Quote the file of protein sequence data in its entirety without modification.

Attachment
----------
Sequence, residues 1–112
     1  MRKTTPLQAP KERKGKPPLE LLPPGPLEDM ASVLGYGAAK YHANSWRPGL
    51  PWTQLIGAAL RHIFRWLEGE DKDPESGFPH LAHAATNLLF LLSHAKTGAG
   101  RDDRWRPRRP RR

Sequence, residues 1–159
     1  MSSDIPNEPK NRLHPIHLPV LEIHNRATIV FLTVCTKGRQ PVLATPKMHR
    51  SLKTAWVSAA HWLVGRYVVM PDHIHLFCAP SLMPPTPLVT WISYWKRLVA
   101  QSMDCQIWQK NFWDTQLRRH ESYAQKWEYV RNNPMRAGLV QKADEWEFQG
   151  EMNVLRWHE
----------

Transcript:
Sequence, residues 1–112
     1  MRKTTPLQAP KERKGKPPLE LLPPGPLEDM ASVLGYGAAK YHANSWRPGL
    51  PWTQLIGAAL RHIFRWLEGE DKDPESGFPH LAHAATNLLF LLSHAKTGAG
   101  RDDRWRPRRP RR

Sequence, residues 1–159
     1  MSSDIPNEPK NRLHPIHLPV LEIHNRATIV FLTVCTKGRQ PVLATPKMHR
    51  SLKTAWVSAA HWLVGRYVVM PDHIHLFCAP SLMPPTPLVT WISYWKRLVA
   101  QSMDCQIWQK NFWDTQLRRH ESYAQKWEYV RNNPMRAGLV QKADEWEFQG
   151  EMNVLRWHE